• Mature-tree pruning: Once the basic shape of your peach tree has been established, make your pruning decisions in line with which branches are bearing fruit. Most trees produce fruit on the previous year’s long stems and on short branches (spurs), each of which will bear fruit for several years. Each year, cut out a portion of the older fruiting wood to keep rejuvenating the tree. Prune back each of last year’s stems to half its length.

Pruning angles

Narrow, V-shape crotch angles in the limbs are an open invitation to disastrous splitting later on, particularly when your peach tree is supporting a large fruit crop. For your tree’s branches, choose wide 10 o’clock and 2 o’clock angles.

Pruning to a bud

Make sharp, clean cuts close enough (about ¼-inch away from the next outward-pointing bud) so you won’t leave a clumsy stub that’s hard to heal over. Stay far enough above the bud so it won’t die back. Slant the cuts and the new growth will develop beautifully.

Every branch has buds pointed in various directions. Because you want vigorous new growth to spread out and away from the center of the tree, make your cut above a bud that’s aimed outward. These are usually located on the underside of the branch. This helps your peach tree take on a more spreading shape, keeping it open to light and air circulation.

Pruning Whips (Unbranched Trees)

Unbranched peach trees are ideal if you want more control over which branches are allowed to develop — as you might in certain artful pruning styles like espalier. Prune whips back to 28- to 36-inches above the ground at planting time. After the new branches have grown 3- to 5-inches in length, select a shoot to become the leader and the rest become the tree’s scaffold limbs.

Off-season Pruning

Sometimes pruning needs to be done even when the season isn’t ideal. If a branch is broken by the wind or by a heavy load of fruit, emergency treatment is necessary. When taking action due to injury, prune to clean up any ragged edges; making a flush cut that leaves no stub.

It does not benefit the peach tree to wait until dormancy to prune damaged, dead, or diseased limbs or to remove unwanted growth like suckers and watersprouts. These should all be completely removed as soon as you see them.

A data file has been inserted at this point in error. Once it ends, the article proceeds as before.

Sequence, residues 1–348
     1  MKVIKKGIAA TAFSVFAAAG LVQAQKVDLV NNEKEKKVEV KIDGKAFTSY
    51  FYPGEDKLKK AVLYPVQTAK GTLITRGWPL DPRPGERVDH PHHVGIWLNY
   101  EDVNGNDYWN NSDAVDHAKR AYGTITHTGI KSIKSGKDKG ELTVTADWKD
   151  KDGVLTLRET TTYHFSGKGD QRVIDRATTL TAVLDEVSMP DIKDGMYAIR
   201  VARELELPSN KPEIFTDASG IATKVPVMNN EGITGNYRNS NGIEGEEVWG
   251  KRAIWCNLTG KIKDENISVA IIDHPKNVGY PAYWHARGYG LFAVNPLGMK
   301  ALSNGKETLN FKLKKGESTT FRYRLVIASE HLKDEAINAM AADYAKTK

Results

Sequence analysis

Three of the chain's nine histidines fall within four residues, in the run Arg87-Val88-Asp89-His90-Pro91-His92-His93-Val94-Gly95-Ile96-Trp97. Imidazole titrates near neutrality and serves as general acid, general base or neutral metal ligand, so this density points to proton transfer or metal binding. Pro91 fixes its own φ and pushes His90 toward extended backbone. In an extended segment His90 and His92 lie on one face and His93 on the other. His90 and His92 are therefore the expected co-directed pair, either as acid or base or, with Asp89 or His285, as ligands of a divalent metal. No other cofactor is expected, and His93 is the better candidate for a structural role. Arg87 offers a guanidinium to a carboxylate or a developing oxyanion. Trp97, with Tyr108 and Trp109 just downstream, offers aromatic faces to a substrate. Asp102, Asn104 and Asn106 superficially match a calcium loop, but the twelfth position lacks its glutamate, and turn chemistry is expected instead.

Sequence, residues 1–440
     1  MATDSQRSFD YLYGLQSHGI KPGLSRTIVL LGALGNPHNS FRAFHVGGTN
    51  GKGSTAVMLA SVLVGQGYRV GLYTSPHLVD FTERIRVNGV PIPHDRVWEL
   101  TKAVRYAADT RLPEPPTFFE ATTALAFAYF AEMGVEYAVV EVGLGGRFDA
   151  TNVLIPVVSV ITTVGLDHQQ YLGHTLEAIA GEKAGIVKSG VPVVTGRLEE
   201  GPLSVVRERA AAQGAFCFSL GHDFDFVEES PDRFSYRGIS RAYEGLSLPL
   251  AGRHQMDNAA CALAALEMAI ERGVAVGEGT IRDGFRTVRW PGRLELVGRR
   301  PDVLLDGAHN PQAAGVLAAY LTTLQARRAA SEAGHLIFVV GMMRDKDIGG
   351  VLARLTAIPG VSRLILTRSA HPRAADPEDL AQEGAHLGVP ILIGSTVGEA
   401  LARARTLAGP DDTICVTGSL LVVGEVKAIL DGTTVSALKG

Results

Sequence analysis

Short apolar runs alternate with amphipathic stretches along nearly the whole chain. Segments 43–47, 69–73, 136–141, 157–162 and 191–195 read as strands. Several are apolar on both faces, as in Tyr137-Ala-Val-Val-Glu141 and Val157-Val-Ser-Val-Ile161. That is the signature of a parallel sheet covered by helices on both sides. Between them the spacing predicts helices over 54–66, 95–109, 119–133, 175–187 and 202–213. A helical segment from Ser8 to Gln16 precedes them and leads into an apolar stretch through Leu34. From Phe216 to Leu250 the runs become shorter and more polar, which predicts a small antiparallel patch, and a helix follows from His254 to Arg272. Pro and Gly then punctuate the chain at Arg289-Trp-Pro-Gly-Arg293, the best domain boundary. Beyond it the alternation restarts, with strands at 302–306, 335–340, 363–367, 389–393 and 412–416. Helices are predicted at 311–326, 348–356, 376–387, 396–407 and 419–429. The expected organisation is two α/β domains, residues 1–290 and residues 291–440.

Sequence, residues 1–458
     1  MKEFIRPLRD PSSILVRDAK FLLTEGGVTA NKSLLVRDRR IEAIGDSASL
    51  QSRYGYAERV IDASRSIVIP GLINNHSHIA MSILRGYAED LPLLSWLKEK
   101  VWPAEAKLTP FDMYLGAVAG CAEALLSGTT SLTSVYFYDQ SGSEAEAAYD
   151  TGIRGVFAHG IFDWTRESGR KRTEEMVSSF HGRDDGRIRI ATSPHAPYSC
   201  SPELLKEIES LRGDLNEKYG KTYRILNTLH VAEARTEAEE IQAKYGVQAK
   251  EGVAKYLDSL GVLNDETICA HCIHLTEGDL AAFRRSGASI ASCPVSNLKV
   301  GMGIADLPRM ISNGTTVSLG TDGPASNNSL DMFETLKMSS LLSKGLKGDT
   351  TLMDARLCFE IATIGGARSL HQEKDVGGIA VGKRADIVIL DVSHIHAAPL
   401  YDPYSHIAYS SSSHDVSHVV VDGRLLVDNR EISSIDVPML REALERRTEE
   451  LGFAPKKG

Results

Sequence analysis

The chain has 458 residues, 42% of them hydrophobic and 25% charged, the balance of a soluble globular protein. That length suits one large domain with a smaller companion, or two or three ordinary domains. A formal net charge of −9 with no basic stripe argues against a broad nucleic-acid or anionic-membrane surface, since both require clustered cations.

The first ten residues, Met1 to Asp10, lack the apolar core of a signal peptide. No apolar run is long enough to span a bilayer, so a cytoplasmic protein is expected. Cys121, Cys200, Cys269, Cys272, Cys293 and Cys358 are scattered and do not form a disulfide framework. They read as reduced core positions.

There are several good reasons to thin fruit:

  • To reduce limb breakage
  • Increase the size of the remaining fruit
  • Improve fruit color and quality
  • Stimulate floral initiation for next year’s crop

Home gardeners can effectively thin peach trees by hand. During May and June (in most areas, many peach trees will start to drop or abort underripe fruit. This is a natural process that allows the tree to mature the remaining crop load. If not corrected through thinning, peach trees may bear biennially (fruits only every other year) or bear heavily one year, then bear a comparatively light crop the next year. Thinning may seem counterproductive in theory, but it really is a benefit to your peach harvest in the long run.

The best time to thin peach trees is within 20 to 40 days of full bloom. Thin so that each remaining peach is spaced 6 to 8 inches apart on the branch. In clusters, leave the king bloom (the center bloom in the cluster of five flowers) as it will develop into the largest fruit. On spur-type peach varieties, many fruit spurs grow along a branch and will need to be thinned out to encourage bigger and better fruit on what remains. All of these tasks promote the improved bearing and fruit quality of your peach tree — you’ll be pleased with the results!